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Response to: Correspondence on 'Outcomes of catecholamine and/or mechanical support in Takotsubo syndrome' by John E Madias
  1. Satoshi Terasaki1,
  2. Koshiro Kanaoka2,
  3. Yoshihiko Saito1
  1. 1 Department of Cardiovascular Medicine, Nara Medical University, Kashihara, Nara, Japan
  2. 2 Department of Medical and Health Information Management, National Cerebral and Cardiovascular Center, Suita, Osaka, Japan
  1. Correspondence to Professor Yoshihiko Saito, Department of Cardiovascular Medicine, Nara Medical University, Kashihara, Nara, Japan; yssaito{at}naramed-u.ac.jp

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The Authors' reply

In response to the valuable comments of John E Madias,1 we are pleased to share the results of the additional analysis on our recent study titled ‘Outcomes of catecholamine and/or mechanical support in Takotsubo syndrome’.2 We hope that the journal readership finds the additional information helpful.

Although the exact pathophysiological mechanisms of Takotsubo syndrome (TTS) are not completely understood, considerable evidence suggests that sympathetic stimulation is crucial to its pathogenesis. It has previously been postulated that the prevalence of diabetes mellitus (DM) in patients with TTS is lower than that in the general population.3–5 The implication of this is that DM exerts a ‘protective effect’ against the development of TTS, a phenomenon referred to as the ‘diabetes paradox’;6 however, DM is a risk factor for other cardiovascular diseases such as acute myocardial infarction and heart failure.

We compared TTS data in our study with the data from other Japanese Registry of All Cardiac and Vascular Diseases (JROAD) studies7–9 and the Japanese Health and Nutrition Examination Survey (https://www.mhlw.go.jp/bunya/kenkou/kenkou_eiyou_chousa.html (in Japanese)).

In the cohort study of acute heart failure based on the JROAD, the mean age of patients was 81 years; 52% and 26% of patients had hypertension and diabetes, respectively.8 In the cohort study of acute myocardial infarction, the mean age of patients was 69 years; furthermore, 62% and 29% of patients had hypertension and diabetes, respectively.9 In our study, the mean age of patients with TTS was 75 years, and 42.0% and 14.1% of patients had hypertension and diabetes, respectively, suggesting that the incidence of diabetes is probably approximately half of that of other diseases.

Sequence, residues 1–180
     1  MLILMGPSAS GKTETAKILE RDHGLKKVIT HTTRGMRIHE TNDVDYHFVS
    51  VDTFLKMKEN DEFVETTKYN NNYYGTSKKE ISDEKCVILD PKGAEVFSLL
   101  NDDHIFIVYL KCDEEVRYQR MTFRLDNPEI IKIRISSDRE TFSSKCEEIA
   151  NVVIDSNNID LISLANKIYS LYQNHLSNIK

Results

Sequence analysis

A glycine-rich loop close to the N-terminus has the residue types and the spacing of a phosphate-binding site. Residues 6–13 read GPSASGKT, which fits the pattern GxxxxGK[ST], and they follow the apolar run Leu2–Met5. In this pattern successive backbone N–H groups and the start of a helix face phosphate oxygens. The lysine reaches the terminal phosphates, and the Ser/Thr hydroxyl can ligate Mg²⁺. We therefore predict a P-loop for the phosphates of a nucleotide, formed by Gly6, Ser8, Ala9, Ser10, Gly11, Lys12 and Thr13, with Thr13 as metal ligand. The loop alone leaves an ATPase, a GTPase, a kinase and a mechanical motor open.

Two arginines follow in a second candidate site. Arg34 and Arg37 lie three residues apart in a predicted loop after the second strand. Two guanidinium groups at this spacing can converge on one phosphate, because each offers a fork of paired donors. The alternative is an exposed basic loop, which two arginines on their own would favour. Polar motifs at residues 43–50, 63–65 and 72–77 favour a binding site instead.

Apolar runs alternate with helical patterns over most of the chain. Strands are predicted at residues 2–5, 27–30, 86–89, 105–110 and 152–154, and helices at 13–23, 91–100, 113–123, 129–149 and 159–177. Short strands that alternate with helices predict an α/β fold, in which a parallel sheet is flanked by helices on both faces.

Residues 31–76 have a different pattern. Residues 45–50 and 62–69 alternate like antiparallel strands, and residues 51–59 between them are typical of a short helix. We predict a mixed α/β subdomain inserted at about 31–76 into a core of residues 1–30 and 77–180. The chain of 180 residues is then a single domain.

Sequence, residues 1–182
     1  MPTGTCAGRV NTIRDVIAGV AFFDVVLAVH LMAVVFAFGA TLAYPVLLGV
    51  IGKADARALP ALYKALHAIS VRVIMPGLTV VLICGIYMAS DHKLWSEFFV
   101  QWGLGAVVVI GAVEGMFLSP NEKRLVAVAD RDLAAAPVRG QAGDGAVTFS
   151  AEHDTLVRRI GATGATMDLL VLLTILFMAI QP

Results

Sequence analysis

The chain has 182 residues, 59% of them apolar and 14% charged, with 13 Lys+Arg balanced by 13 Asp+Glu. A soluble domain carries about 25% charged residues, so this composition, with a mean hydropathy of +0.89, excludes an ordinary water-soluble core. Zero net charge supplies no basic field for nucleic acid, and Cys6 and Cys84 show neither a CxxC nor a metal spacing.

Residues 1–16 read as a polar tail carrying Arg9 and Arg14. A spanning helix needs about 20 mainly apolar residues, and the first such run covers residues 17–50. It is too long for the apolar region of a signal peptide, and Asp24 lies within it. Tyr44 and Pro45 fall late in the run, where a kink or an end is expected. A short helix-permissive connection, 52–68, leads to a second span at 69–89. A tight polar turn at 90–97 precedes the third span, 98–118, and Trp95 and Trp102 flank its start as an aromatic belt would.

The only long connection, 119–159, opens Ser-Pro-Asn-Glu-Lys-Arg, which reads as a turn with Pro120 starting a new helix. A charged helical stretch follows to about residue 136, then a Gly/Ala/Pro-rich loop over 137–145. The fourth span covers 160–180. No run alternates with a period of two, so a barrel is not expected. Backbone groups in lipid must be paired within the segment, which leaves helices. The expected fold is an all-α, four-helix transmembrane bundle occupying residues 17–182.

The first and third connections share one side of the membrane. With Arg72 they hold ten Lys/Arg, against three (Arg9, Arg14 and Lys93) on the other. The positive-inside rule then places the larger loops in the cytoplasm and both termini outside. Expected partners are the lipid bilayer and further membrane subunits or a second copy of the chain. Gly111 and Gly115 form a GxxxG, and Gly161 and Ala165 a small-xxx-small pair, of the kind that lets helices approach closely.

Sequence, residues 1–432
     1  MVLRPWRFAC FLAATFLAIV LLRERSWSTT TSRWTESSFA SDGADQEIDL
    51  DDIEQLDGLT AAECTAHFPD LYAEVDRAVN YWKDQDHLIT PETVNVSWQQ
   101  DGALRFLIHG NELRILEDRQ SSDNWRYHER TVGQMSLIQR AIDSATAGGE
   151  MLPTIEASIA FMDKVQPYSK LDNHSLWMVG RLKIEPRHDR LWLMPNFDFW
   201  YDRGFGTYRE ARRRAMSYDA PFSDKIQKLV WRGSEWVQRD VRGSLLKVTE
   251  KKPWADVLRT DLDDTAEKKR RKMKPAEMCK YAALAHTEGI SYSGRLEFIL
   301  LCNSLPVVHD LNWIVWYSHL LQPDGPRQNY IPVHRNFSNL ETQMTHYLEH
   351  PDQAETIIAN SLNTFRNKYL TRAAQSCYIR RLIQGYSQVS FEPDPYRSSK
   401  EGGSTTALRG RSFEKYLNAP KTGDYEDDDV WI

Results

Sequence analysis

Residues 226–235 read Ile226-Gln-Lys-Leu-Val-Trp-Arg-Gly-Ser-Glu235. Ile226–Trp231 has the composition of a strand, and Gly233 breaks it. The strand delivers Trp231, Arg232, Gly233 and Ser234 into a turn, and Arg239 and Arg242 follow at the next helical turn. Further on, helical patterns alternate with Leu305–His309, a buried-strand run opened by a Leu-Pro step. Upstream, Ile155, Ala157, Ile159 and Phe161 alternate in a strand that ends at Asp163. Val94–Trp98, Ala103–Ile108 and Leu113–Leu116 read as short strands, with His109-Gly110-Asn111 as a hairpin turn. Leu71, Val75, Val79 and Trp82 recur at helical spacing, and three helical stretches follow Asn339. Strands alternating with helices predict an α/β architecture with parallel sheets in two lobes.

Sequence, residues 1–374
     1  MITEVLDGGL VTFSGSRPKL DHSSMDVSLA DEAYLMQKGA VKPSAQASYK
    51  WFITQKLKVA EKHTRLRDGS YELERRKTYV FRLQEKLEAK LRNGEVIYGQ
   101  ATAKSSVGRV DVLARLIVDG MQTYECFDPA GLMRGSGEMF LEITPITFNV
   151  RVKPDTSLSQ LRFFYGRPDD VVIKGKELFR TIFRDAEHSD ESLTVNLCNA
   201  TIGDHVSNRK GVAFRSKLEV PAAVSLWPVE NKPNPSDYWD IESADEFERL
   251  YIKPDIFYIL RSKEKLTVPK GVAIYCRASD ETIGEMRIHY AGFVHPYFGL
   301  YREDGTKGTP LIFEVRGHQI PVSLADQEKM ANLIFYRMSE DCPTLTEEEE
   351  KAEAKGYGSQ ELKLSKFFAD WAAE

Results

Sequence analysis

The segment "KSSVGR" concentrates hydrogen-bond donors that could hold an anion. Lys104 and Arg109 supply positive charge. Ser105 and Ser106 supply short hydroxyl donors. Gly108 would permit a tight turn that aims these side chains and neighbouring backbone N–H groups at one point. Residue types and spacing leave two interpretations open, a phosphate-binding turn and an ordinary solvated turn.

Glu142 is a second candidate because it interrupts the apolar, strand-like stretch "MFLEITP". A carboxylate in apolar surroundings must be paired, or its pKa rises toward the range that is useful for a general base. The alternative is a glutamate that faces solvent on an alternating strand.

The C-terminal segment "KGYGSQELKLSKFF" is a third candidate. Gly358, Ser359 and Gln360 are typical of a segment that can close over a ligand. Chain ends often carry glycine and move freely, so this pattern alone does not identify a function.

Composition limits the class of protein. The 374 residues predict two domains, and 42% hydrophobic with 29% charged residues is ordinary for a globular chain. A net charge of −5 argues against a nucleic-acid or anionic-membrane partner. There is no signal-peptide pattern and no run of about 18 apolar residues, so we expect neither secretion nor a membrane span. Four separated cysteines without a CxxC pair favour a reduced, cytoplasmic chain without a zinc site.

However, considering the higher prevalence of TTS among women (81% in our study) and the older mean age of the acute heart failure cohort, there are limitations to simply comparing these groups of patients with TTS.

Additionally, we compared TTS data with data from the Japanese Health and Nutrition Examination Survey. The age and sex adjusted incidence of diabetes based on the Japanese Health and Nutrition data in 2016 was 17.8%; meanwhile, the incidence of diabetes was 14.1% among patients with TTS in our study, suggesting that the incidence of diabetes among patients with TTS may be lower than that in the general population.

In a study that argued against the hypothesis that diabetes may have a protective effect on the development of TTS, 21.1% of patients with TTS had diabetes, which was slightly higher than the expected sex-adjusted and age-adjusted rates in the general population of the participating countries (Italy and Germany).10

Stiermaier et al indicated that identification of diseases based on the International Classification of Diseases 10th Revision (ICD-10) codes could underestimate the incidence of DM.10 As the ICD-10 codes were also used in our study, it was considered necessary to be cautious in discussing the results.

Considering that overactivation of sympathetic nerve activity plays a central role in the pathogenesis of TTS, diabetes-induced autonomic neuropathy may cause a disconnection between the brain and the heart, ameliorating or blocking the effects of unrestricted adrenergic storms on the heart and leading to the manifestation of TTS.

Nevertheless, further research elucidating the protective effect of DM on the development of TTS is warranted.

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References

Footnotes

  • Contributors ST and YS drafted the initial manuscript with contributions from all authors.

  • Funding The authors have not declared a specific grant for this research from any funding agency in the public, commercial or not-for-profit sectors.

  • Competing interests None declared.

  • Provenance and peer review Commissioned; internally peer reviewed.

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